Is this crisis the catalyst VR needed?
How coronavirus is boosting VR use
When virtual reality (VR) first broke onto the mainstream scene about five or so years ago, it was met by some with scepticism and some as a revelation – predicted to revolutionise how we consume content and interact with each other. But the big boom predicted didn’t pan out quite like that. Consumer uptake remains relatively modest and it has turned out to be enterprise use – where the technology has been put to a practical purpose – that has seen most growth. But the situation created by the coronavirus has changed how everyone around the world is living. Could this crisis be the moment for VR to shine?
At the time of writing, the world is still very much in the grip of the coronavirus crisis. While lockdowns are easing in some areas, we are still adjusting to the ‘new normal’ and working out ways we can safely return to life in the office, schools, pubs, theatres – the list goes on. One thing, however, is certain. Quick and easy international travel as we know it has come to a near standstill, with many borders closed and quarantines in place for travellers. For a global economy, this has fundamentally changed how businesses operate – and VR has stepped into the breach.
Conferencing and expos
The potential that immersive technologies hold for enabling us to reconnect with people – and continue global business from our own homes or offices – is exciting. Enterprise use of VR is already double that of consumer use – and VR and 360º video gives us ways we can continue to experience different places and interact with people in a way that feels more real, more connected, than a group video call through a laptop. While Zoom and the like do suffice for team meetings in a workplace or virtual social events, VR could bring a whole new level of realism. We’re seeing more and more companies look to create virtual conferencing options – where attendees can put on a headset and walk around in an environment in VR and interact both with it, and other people. It’s not hard to see how this as a solution built for enterprise might find its way into the hands of customers who want to use it for virtual socialising in the future.
Virtual tours have come into their own during lockdown. From the property market, to the tourism market to the higher education sector – virtual tours are allowing people to get an immersive look inside a place that they cannot, or don’t feel safe to, visit. For students on the brink of picking their university, it allows them to get a better feel for the place they will call home. For estate agents, it enables the property market to continue and for the tourism market, it’s a lifeline to sell in future holidays when current travel is not possible. And it doesn’t have to be headset-based either – while VR technology enables the creation of these types of content, it can be viewed through a desktop monitor or smartphone too, making it much more accessible.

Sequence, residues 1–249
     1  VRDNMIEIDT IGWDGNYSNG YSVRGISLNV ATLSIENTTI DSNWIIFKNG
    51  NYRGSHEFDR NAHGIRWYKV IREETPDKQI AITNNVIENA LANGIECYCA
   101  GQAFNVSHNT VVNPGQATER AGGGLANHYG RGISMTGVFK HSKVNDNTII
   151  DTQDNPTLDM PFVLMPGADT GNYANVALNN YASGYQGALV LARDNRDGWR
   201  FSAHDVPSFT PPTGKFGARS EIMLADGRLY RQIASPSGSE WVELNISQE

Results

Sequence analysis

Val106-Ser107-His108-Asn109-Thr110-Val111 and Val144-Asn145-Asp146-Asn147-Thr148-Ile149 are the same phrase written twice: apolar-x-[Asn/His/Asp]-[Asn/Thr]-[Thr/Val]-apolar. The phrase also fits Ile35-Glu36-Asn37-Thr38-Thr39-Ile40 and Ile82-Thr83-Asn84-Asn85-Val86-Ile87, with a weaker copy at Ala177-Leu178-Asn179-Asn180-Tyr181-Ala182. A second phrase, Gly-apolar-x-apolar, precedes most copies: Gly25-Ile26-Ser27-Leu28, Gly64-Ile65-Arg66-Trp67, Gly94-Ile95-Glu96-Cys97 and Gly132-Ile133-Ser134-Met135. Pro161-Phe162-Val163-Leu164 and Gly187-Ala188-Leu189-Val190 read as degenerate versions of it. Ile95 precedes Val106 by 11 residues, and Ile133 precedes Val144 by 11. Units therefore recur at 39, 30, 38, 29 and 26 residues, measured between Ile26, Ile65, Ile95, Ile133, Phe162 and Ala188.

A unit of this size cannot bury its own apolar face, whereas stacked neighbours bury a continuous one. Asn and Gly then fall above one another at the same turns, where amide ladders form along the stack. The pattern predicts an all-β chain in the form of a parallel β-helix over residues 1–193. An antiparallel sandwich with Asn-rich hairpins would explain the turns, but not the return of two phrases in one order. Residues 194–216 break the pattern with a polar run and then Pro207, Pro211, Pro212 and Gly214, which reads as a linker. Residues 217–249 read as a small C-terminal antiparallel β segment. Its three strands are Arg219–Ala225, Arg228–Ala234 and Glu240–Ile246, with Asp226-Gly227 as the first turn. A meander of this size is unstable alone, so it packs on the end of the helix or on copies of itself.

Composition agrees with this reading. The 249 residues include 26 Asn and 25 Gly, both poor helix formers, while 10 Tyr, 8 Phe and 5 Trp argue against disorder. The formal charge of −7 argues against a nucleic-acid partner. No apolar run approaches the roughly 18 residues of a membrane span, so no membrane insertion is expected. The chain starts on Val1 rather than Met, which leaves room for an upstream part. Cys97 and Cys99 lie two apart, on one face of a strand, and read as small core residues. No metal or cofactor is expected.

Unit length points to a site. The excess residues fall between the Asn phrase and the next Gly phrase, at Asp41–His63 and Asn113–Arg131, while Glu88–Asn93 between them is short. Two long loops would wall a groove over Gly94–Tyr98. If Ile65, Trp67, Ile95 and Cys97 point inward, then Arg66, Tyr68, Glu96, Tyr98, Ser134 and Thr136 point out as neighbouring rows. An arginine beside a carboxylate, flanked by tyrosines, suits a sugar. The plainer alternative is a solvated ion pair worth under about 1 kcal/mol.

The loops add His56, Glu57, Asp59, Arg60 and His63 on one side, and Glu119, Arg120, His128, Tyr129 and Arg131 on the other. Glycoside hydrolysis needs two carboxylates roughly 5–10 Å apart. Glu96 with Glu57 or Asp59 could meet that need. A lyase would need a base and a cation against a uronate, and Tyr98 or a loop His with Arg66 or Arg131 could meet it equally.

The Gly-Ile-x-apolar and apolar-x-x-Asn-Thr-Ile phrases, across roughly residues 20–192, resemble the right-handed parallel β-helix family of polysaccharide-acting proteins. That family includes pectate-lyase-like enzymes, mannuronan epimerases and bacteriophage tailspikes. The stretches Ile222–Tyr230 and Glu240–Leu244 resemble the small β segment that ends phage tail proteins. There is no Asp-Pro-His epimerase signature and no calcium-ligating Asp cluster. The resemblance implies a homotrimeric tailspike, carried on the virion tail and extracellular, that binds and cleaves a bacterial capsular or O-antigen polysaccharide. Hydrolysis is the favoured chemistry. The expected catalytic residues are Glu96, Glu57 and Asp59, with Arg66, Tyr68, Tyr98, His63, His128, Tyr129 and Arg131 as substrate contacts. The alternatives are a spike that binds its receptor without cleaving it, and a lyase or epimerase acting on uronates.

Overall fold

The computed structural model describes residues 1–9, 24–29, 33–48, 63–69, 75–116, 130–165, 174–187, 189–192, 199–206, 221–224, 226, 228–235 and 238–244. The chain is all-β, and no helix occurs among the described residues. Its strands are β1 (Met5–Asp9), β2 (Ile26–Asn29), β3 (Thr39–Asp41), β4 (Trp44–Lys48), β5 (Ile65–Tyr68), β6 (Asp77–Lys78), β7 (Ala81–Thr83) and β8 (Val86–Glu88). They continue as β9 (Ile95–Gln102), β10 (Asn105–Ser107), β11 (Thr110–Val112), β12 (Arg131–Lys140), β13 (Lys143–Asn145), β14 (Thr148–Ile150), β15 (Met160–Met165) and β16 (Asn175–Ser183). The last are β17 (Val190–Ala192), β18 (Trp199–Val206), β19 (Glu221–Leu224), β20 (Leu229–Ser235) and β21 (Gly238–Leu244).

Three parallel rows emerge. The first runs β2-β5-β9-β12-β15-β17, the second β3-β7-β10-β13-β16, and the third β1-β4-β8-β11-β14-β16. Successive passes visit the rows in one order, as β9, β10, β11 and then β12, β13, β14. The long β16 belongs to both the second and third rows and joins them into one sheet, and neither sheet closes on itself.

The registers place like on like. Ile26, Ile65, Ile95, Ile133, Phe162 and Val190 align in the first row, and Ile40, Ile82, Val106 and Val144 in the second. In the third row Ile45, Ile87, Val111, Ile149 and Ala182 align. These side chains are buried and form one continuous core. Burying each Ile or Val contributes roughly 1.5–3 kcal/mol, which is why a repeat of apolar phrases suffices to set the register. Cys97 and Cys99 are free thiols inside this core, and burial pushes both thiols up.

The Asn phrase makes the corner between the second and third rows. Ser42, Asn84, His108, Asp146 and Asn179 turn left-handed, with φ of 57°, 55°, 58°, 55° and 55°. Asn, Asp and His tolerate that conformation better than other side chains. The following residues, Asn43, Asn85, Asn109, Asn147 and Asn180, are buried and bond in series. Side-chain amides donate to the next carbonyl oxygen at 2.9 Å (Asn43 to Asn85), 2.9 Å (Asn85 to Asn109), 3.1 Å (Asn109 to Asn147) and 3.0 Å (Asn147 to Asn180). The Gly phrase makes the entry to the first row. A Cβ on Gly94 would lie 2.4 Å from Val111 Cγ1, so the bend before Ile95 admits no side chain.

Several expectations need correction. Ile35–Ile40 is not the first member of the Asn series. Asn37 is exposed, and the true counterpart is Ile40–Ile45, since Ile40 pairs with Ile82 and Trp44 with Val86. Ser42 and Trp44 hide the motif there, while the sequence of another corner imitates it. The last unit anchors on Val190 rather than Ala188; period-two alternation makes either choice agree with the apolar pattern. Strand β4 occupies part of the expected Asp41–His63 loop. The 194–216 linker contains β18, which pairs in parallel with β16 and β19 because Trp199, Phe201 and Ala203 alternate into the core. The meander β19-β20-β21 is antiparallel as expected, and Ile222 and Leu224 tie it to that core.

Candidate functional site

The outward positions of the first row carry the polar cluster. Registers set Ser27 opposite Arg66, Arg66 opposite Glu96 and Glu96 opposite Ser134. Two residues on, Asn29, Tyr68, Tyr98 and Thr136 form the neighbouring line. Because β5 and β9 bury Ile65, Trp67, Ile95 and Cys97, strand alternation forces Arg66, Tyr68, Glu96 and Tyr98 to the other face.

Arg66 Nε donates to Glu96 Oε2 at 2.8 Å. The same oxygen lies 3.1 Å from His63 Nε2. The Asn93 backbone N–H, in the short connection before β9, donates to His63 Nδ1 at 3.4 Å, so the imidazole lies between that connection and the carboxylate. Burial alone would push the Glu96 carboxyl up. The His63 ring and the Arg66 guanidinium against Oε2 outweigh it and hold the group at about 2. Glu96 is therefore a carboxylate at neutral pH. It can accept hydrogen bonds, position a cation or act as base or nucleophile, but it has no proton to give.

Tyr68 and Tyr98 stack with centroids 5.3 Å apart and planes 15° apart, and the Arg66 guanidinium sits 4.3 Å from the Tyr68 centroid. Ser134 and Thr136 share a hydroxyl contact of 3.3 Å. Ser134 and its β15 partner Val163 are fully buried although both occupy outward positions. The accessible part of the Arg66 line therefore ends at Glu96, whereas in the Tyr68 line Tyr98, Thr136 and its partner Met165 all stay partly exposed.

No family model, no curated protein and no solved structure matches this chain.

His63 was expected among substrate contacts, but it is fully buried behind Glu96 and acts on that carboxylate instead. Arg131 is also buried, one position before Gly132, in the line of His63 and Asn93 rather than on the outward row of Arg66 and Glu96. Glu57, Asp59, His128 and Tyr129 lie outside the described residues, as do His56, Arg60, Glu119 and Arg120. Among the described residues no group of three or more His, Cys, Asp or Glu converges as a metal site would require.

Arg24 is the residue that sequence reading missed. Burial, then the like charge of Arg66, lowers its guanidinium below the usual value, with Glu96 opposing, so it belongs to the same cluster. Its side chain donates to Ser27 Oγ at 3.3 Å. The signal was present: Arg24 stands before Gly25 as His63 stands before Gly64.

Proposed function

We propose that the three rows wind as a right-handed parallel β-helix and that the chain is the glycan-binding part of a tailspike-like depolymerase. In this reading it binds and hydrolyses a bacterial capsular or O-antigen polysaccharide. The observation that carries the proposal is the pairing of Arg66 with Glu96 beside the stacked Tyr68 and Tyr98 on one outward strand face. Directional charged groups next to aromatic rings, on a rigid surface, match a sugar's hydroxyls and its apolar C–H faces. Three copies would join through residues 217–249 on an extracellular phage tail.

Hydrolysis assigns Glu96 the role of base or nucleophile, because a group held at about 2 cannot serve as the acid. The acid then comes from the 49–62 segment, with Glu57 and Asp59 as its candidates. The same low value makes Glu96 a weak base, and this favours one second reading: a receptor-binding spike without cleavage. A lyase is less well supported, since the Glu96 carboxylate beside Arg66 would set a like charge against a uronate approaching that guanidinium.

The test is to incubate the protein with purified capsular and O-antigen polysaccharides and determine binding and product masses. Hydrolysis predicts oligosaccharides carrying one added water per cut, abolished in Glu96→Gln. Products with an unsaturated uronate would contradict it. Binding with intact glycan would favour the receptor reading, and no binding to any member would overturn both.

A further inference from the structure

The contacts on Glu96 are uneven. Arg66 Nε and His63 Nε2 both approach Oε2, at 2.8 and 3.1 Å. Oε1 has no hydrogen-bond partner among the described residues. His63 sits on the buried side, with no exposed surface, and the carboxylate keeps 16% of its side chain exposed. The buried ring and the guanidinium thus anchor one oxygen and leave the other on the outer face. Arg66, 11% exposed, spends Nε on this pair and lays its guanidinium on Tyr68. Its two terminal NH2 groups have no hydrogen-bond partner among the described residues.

Training and education
With schools and training centres closed, the need for learning has not gone away. For emergency services and key workers, it’s possibly more important than ever to access training. This is a big area of potential for VR. A recent study showed that VR training has the potential to improve patient outcomes significantly by demonstrating an 83% improvement in surgical performance during keyhole hip surgery. And while VR will not give the same stressful or emotional experience of the real-world, it does give a highly accurate simulation where it’s safe to make mistakes – and this remains critical for sectors such as medicine and energy, where demand remains high. And with clinical practices undergoing some big changes due to the coronavirus, VR offers safe training while allowing safe social distancing.
A practical solution
What’s important to remember is that these solutions are not short term. Even when society finds itself back on an even keel, the changes that have been made during lockdown will stick with us. Coronavirus has accelerated the development of home working and virtual solutions to mass gatherings – and as such the practical benefits of VR have been shown, from reducing the need to travel, to cutting costs of travel, to boosting accessibility, to ensuring human connection when we can’t meet face-to-face. From a business perspective, these benefits are clear – but they bring with it greater potential for consumer VR too, from immersive socialising to escapism when we can’t travel. As the world slowly edges back to normal, it will be interesting to watch this space: the pandemic altered the world almost overnight – but VR has the potential to alter it for the long haul.